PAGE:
Why TCP optimisation has become more important than content optimisation
Since the very early days of 2G and 3G deployments, mobile operators from all around the world have been deploying and using content optimization platforms. The reasons for deploying these technologies were pretty straightforward. Bandwidth at the 2G and 3G radio layers was pretty low compared to bit rates that were available on wireline networks, so reducing the bit rates of the ever increasing amount of video streams helped save bandwidth at the radio layer and hence costs. At the same time reducing the video bit rates by using video transrating and transcoding techniques also helped improve the subscriber experience as it is better to keep a lower quality video stream steadily flowing rather than a high quality video stream stalling all the time.
A couple of recent industry evolutions are now forcing mobile operators to rethink how to optimize their subscribers’ traffic. Since the Snowden revelations the internet has seen a massive surge in encrypted traffic (https). Speaking to several mobile operators in Europe we are hearing that in many countries between 40% and 50% of all internet traffic is encrypted these days, and the trend is still going up. Also videos are delivered more and more over encrypted https instead of over unencrypted http. In addition LTE technology is capable of delivering very high bandwidths to mobile users at much lower costs (per bit transported) than 2G and 3G technologies. So the primary motivation for deploying video optimization platforms which originally was saving costs, is now shifting more and more towards either differentiating the subscriber’s quality of experience or to make use of this technology for specific traffic only instead of for all data traffic. Examples of selectively using video optimization are to optimize videos on the 3G network but not on LTE, or to only optimize subscribers that are on specific tariff plans.
Given that less and less traffic can be ‘content optimized’ due to the increasing percentage of encrypted traffic on the network, mobile operators have started to focus heavily on TCP optimization. Over 90% of all traffic on the mobile network is TCP based, and therefore a TCP optimizer can optimize almost all traffic on the network regardless of whether that traffic is encrypted or not. Indeed, TCP optimization works at the TCP layer, which in the OSI model is the layer sitting on top of IP, but below the encryption and application layers. TCP optimization is used to enhance the subscriber’s quality of experience in two ways. First, it helps to increase the peak and average bandwidth that a subscriber can enjoy over the mobile network and hence it increases the quality of experience. You could argue that because of this, it also helps to make more efficient use of the available radio spectrum and as such provides a cost benefit. Second, and this is very often overlooked, this technology also helps to reduce web page load times. One of the most frustrating experiences for mobile subscribers is that very often it takes so long to load your favorite web pages or open your facebook home page even on a high bandwidth connection. It is important to note that web page load times are not so much impacted by the available bandwidth but much more by the latency on the mobile network, and latency on mobile networks is much higher than on wireline networks. So TCP optimization not only delivers faster downloads but it also helps to keep the latency in the mobile network at much lower levels than without TCP optimization, ultimately leading to faster web browsing experiences for the mobile subscribers.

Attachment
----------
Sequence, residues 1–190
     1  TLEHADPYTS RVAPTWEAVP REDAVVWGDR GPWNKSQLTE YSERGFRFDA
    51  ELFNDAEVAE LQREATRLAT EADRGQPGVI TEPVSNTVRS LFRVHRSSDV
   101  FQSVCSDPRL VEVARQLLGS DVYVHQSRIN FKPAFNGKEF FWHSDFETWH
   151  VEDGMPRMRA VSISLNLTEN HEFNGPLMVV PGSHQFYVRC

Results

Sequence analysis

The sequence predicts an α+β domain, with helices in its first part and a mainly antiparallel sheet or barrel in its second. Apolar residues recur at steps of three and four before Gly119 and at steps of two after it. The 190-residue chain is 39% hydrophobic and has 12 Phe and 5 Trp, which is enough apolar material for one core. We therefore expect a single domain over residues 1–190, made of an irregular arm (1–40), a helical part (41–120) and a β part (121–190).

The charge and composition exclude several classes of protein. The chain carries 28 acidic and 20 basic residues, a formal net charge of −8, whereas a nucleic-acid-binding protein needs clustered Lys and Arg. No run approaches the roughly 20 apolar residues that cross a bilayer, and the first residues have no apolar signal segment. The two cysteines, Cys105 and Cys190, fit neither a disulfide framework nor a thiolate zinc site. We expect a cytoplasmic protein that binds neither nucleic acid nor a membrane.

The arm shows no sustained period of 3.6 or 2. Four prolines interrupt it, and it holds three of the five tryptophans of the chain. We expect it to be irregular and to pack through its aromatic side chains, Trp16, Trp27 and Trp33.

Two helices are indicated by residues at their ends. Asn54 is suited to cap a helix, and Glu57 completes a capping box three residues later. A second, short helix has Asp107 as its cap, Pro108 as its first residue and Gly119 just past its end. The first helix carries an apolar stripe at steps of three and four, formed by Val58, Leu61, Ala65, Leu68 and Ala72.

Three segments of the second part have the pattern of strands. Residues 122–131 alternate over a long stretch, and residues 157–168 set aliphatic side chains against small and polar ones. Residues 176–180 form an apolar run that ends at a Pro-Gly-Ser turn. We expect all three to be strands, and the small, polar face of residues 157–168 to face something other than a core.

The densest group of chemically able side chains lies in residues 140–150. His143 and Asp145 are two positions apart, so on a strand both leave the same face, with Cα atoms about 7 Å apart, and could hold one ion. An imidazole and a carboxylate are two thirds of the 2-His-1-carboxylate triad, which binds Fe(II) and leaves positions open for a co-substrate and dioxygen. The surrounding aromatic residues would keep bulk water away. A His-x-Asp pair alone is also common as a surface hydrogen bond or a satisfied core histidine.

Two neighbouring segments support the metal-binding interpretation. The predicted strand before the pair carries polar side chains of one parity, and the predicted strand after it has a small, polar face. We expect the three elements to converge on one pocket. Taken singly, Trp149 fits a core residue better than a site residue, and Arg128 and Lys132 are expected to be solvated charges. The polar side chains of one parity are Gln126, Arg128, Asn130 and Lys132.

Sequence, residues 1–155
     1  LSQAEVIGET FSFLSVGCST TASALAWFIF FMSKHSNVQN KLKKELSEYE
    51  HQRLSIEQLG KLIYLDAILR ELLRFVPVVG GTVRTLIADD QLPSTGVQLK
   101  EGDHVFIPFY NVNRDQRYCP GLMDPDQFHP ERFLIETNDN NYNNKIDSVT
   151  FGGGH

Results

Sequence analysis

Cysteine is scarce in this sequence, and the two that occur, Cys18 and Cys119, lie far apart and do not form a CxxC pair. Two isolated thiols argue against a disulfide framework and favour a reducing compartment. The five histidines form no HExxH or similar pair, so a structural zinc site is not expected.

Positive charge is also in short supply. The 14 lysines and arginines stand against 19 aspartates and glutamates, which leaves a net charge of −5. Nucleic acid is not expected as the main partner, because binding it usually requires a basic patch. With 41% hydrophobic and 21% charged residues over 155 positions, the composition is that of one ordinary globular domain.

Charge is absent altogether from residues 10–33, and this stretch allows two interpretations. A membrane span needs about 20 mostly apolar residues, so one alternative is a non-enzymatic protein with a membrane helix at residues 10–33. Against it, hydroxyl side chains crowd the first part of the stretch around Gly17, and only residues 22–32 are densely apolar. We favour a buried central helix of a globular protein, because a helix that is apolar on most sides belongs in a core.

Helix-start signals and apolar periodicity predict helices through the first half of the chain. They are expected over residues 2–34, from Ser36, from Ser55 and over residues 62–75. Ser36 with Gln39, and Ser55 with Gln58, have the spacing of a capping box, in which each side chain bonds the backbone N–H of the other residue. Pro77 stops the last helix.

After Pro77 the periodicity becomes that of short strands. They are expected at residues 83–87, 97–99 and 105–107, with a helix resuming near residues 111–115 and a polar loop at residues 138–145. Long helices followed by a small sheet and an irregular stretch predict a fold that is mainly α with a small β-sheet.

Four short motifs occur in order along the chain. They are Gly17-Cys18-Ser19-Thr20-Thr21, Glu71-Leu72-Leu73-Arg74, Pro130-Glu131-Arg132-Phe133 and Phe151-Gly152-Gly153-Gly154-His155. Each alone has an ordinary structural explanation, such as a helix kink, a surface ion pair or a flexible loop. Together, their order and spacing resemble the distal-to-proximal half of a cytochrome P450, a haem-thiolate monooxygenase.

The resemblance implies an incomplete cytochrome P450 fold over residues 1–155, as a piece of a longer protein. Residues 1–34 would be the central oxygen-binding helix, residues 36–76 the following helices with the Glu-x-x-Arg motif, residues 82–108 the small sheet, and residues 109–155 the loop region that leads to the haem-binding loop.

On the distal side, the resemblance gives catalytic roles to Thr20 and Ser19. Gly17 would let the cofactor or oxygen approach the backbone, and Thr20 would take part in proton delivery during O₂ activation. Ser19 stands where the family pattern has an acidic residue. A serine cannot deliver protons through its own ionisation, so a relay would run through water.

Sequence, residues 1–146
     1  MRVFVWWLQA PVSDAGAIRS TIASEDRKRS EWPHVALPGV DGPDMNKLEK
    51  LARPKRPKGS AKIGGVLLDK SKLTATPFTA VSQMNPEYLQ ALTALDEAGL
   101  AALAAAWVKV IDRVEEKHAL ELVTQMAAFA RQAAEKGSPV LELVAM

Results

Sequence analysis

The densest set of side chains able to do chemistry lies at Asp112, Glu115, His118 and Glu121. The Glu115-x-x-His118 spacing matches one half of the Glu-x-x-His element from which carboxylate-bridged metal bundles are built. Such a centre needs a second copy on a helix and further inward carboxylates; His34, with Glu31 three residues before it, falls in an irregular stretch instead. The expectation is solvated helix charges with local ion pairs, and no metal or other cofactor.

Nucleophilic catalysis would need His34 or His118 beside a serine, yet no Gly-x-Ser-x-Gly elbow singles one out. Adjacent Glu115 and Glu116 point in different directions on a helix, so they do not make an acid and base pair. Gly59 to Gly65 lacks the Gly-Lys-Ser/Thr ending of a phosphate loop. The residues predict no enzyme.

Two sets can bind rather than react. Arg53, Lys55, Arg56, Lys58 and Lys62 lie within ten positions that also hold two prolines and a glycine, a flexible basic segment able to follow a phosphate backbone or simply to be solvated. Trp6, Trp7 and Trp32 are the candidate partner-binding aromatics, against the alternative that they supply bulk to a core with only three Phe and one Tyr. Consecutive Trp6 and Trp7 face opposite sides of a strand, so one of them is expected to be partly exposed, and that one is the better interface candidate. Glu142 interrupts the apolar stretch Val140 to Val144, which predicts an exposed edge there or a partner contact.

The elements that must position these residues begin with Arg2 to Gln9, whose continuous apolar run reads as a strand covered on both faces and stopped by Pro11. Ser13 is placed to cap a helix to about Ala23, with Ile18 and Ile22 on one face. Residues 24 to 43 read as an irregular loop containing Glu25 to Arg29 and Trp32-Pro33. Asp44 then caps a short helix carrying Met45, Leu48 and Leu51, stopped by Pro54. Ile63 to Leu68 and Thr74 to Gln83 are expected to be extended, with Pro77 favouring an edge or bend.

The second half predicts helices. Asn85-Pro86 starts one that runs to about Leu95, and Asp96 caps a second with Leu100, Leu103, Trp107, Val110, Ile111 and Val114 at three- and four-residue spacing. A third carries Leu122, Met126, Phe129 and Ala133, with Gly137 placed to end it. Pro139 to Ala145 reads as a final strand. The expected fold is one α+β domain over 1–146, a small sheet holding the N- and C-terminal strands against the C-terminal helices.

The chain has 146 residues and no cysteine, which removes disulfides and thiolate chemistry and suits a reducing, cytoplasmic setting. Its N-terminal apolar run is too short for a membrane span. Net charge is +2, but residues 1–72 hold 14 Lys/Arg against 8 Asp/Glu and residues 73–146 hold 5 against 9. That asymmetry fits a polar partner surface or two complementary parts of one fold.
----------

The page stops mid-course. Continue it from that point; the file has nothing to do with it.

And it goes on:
Mobile operators that have started trialing or deploying LTE Advanced have also noticed that TCP optimization will be important to achieve the maximum possible throughput rates that these new technologies promise. So TCP optimization should not be looked at solely to improve the performance in some 3G areas with poor coverage, but as a key building block on the Gi LAN that will help mobile operators achieve the maximum possible throughput and hence maximized subscriber satisfaction on any radio technologies that get deployed today and in the future.
Technically speaking, what a TCP optimization platform actually does is decoupling any TCP connection between a mobile client and a content server in two separate TCP connections by acting as a full TCP proxy in between as shown in the picture below. The TCP proxy ensures that the TCP flow and congestion management techniques are fully adapted and tuned to the specific characteristics of the networks the proxy is connected to. The bandwidth, delay and packet loss characteristics from the cellular network are very different from the IP backbone network and the internet and therefore the TCP optimization proxy is capable of getting the maximum efficiency out of the networks it is connected to. Satellite networks also exhibit much higher latencies then wireline networks so also in that market sector you will find TCP technology being heavily used to optimize overall performance over satellite links.
Even though TCP optimization as a technology is not new (it has been deployed for many years), the heavily increased focus of mobile operators towards this technology in the last 9 to 12 months is. And given that TCP optimisation is agnostic for the encryption and application layers, plus the fact that we see great benefits not only for 3G and LTE, but also for LTE advanced, it is a technology worth exploring for any mobile operator.
Interested in hearing more? Stop by our booth at MWC Hall 5, G11